Maine Directions sign


The Office of Child and Family Services
offers transportation through Community Action Programs (CAPs) throughout the state (e. g., the Opportunity Alliance in South Portland, Community Concepts in Lewiston, etc.). These programs are often used by low-income individuals who don’t receive MaineCare or people who are under the care of DHHS. 

The Office of Aging and Disability Services does not receive direct funding for transportation, but does provide funding to transport certain individuals related to medical needs (if they aren’t covered by MaineCare). These funds may cover transportation to adult day care programs in the form of reimbursement to a family caregiver. Volunteer drivers receive reimbursements for the Meals on Wheels program. Other funds exist for church groups and other non-profit programs that do outreach to connect eligible people with transportation. 

Bus and ferry systems connecting adjacent towns to urban areas are also available in certain regions. The Maine DOT (Department of Transportation) also has a carpooling program that connects commuters to coordinate transportation.

[For more on Maine Life, read Maine’s Elderly and the Clawback of Working-class gains.]

All in all, this leaves few reliable transportation options for those who are not deemed “deserving” or holds them hostage to having enough money to pay up front and then waiting for reimbursements. And how timely are these reimbursements? Do they cover the full cost? Do people have to forego paying for other necessities while waiting? In other words, do these programs provide the necessary freedom of choice and flexibility?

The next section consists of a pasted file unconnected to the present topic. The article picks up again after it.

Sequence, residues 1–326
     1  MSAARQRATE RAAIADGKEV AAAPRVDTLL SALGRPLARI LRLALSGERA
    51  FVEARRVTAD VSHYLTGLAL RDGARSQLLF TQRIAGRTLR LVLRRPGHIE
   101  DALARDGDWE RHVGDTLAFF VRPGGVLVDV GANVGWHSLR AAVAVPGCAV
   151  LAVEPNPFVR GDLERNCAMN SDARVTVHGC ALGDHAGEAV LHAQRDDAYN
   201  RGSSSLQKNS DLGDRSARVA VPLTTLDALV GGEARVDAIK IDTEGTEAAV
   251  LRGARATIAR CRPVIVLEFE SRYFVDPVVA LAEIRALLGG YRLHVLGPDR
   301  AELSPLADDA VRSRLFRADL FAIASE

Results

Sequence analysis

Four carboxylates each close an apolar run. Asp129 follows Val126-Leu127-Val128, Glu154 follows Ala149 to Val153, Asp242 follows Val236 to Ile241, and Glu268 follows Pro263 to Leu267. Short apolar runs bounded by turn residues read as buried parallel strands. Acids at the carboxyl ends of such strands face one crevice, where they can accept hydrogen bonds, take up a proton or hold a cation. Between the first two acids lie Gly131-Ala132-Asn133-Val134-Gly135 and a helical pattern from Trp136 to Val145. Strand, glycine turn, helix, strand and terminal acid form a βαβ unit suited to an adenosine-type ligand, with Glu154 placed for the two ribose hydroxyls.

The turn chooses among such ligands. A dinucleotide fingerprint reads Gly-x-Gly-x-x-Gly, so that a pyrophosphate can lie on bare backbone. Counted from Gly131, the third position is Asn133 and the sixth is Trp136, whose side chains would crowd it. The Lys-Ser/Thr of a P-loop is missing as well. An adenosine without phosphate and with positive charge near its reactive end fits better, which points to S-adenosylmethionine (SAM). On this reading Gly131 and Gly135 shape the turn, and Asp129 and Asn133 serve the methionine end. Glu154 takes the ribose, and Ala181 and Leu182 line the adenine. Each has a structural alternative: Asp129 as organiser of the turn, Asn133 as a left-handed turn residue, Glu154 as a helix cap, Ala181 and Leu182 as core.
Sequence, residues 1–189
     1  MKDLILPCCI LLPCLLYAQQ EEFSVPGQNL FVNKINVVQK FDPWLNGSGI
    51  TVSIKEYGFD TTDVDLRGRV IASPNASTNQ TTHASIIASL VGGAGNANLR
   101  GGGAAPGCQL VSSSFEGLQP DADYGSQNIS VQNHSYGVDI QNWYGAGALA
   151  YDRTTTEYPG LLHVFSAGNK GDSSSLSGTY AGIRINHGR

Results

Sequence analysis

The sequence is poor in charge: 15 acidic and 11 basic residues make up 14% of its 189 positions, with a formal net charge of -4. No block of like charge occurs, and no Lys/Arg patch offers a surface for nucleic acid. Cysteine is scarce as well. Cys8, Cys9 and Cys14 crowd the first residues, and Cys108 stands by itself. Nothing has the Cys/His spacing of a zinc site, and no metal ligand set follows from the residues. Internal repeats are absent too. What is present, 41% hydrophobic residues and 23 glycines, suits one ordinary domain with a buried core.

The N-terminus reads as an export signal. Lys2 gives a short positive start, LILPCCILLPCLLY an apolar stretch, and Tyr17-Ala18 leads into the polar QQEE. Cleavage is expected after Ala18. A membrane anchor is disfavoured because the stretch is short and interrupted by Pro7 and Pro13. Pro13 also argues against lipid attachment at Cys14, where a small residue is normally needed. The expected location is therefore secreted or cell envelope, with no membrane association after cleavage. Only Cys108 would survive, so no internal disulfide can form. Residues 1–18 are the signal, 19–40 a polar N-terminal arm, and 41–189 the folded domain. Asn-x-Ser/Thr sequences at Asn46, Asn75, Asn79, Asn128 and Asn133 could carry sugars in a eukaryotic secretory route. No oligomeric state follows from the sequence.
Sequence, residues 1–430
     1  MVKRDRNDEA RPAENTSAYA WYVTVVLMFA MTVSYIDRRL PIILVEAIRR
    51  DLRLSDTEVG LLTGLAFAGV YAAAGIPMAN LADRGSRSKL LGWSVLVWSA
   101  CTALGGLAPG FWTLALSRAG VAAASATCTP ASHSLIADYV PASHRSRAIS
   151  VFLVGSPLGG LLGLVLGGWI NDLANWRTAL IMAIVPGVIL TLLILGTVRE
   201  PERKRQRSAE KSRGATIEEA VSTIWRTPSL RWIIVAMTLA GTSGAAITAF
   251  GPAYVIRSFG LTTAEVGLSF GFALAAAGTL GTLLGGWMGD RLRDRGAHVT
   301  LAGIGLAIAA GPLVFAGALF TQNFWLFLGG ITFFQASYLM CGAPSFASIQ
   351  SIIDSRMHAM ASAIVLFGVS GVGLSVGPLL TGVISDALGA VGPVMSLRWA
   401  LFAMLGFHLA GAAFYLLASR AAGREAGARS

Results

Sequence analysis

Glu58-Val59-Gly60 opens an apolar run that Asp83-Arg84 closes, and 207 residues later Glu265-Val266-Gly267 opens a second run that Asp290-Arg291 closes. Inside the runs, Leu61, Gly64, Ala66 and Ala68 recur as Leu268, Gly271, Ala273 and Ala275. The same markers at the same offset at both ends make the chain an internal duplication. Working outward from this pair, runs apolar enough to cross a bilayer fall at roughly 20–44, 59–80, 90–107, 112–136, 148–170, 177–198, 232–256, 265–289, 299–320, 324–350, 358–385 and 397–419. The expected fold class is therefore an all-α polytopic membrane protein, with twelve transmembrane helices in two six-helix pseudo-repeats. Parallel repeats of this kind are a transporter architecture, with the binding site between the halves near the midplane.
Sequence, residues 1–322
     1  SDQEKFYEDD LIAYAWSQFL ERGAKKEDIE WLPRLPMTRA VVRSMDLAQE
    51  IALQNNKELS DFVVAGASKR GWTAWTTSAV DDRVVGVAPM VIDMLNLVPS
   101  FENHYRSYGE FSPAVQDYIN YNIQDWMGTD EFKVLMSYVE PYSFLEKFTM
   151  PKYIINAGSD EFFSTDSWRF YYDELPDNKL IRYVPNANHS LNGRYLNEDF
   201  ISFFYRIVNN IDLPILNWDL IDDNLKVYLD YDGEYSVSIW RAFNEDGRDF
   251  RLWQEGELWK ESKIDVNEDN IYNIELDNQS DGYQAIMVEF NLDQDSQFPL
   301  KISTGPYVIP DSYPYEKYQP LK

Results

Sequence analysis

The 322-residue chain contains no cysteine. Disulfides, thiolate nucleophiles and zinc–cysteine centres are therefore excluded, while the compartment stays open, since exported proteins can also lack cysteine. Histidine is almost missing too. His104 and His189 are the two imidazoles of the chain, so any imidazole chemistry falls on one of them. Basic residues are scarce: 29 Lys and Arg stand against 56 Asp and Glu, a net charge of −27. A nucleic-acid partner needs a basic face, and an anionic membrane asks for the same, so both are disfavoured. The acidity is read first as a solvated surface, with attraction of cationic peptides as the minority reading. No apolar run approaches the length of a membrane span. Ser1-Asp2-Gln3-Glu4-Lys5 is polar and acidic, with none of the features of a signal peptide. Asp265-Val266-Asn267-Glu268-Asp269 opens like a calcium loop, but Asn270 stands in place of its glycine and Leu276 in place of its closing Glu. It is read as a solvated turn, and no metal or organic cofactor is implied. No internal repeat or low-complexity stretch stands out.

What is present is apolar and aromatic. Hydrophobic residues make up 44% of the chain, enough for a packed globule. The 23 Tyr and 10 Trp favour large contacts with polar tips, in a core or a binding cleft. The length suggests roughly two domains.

Life happens. Plans get cancelled or altered. Employers change schedules. Medical providers cancel appointments. Weather delays travel. Waitlists build up. Emergencies arise. Even eligible people run into issues: some transportation programs will not help an elderly or disabled client get into their residence or up their driveway after they’ve been dropped off due to “liability issues.” How many discouraged people have slipped through the cracks as a result of the limitations placed on their mobility by the state? Depending on the mercy of a woefully inadequate system is burdensome. 

Having said all this, it’s important to keep in mind that many of these programs were won through communities and advocates attempting to fill a need. And, the people who work in these underfunded and overburdened services–from the people taking your calls to the drivers, mechanics, interpreters, and bus aids–should be proud of the job they do. We’d be even further up the creek were it not for their efforts.